The Washington Post

Phil Robertson of ‘Duck Dynasty’ advised that girls marry at 15, 16

Four days after A&E reinstated Phil Robertson following a brief suspension from filming in response to his homophobic and racist comments in GQ, the patriarch of the extremely popular “Duck Dynasty” has again become a problem for the network.

The Daily Mail, a British tabloid, discovered a video of Robertson speaking at an event in 2009 in which he advises marrying at a very young age.

“You got to marry these girls when they are 15 or 16. They’ll pick your ducks,” Robertson says in the video, arguing that young men who hunt benefit from having a wife to pluck the feathers from the birds they kill.

In many states, a person 16 or 17 years of age can marry with the consent of their parents and possibly a court order, and Robertson does recommend obtaining parental consent. Laws vary by state regarding the marriage of people younger than 16.

Robertson also suggests that living with an adult wife is expensive for her husband. “You wait until they get to be 20 years old, the only picking that’s going to take place is your pocket,” he says.

In this video dated 2009, Duck Dynasty patriarch Phil Robertson suggests that girls marry as young as 15 or 16. (

The Daily Mail found the video on YouTube, where it had been uploaded four years ago. According to the caption, Robertson is a “guest speaker for the Sportsmen’s Ministry.” It is not clear what kind of organization the Sportsmen’s Ministry is or where Robertson is speaking, although he addresses his audience as a group of “Georgia boys.”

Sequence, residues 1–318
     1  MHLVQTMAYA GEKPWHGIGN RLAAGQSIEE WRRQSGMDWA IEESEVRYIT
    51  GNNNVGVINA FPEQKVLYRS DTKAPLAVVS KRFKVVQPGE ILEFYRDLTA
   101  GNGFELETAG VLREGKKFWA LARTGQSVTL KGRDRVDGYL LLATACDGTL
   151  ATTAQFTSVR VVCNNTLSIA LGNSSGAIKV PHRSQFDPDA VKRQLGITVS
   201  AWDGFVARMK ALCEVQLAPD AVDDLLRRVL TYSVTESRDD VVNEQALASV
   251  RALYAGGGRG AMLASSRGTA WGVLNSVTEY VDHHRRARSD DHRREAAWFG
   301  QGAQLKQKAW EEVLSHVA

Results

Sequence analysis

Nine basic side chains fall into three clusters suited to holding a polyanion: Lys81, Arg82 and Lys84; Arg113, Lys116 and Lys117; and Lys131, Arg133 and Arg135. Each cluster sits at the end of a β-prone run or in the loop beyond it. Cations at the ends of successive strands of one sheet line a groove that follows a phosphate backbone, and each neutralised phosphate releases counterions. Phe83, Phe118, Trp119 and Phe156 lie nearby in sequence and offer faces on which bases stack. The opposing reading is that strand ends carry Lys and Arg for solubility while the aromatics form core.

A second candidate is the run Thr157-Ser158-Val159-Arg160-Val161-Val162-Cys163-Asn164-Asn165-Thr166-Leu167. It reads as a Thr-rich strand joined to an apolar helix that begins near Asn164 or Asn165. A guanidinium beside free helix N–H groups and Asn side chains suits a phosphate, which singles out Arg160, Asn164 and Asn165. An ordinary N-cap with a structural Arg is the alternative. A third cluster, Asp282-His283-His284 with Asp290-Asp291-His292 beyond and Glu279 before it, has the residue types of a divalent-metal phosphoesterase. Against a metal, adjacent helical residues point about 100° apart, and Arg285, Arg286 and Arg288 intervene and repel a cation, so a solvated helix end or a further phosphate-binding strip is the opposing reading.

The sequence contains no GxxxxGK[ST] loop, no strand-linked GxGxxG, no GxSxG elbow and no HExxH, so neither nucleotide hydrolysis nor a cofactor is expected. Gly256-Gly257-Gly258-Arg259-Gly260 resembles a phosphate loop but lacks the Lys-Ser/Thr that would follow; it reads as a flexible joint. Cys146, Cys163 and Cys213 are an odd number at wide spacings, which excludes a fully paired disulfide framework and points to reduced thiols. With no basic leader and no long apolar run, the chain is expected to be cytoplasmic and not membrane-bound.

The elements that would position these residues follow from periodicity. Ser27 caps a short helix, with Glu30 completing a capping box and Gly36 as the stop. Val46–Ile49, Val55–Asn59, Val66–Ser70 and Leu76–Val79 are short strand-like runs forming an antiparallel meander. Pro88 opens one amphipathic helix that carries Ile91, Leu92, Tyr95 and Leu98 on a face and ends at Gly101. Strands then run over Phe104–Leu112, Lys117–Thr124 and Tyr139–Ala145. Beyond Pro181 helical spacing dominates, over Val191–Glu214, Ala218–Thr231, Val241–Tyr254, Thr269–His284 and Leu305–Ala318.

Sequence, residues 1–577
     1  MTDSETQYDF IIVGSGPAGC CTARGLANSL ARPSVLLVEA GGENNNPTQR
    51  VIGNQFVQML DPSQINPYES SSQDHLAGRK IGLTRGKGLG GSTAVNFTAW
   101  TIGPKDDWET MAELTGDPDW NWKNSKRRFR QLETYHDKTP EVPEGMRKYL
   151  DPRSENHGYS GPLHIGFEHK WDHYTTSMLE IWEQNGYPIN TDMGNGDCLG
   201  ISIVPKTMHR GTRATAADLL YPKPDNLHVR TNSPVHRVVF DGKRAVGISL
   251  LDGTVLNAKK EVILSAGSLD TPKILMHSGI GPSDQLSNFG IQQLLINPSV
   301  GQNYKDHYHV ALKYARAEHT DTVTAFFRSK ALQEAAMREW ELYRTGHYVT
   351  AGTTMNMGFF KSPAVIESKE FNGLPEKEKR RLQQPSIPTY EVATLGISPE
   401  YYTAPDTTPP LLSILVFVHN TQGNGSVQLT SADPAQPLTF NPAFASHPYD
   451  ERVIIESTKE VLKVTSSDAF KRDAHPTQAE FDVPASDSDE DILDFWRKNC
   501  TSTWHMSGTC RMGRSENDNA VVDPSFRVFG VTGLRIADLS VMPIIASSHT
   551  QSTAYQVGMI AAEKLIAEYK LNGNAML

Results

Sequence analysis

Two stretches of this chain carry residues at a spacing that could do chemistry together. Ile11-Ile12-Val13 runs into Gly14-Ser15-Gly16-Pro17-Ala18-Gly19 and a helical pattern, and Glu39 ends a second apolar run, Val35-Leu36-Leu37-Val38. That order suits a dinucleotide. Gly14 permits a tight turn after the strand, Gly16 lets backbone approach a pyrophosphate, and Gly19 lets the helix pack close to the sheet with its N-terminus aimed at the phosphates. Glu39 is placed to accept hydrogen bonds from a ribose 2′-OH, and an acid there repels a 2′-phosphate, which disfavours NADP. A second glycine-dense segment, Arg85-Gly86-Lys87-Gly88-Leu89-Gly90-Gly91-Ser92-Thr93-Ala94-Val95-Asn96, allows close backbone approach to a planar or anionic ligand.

Duck Dynasty” is a reality show that chronicles the exploits of Robertson and his family, who own a duck-call business in northern Louisiana. Although A&E has carefully removed any hint of Robertson’s more controversial opinions from the episodes of the show that air, the network could not prevent him from speaking candidly with reporter Drew Magary, and excerpts of their interview are published in next month’s issue of GQ.

A&E announced that it was placing Robertson on a temporary “hiatus from filming” following the article’s appearance. In it, Robertson calls homosexuality a sin, argues that blacks in the south were happy before the civil-rights movement, and compares Shintoism, the Japanese religion of ancestral worship, to Nazism.

Robertson remains very popular with a large group of conservative viewers who feel that their views are not voiced elsewhere in the media. Members of his family are scheduled to appear on Fox News Tuesday night in a New Year’s Eve special.

Max Ehrenfreund writes for Wonkblog and compiles Wonkbook, a daily policy newsletter. You can subscribe here. Before joining The Washington Post, Ehrenfreund wrote for the Washington Monthly and The Sacramento Bee.



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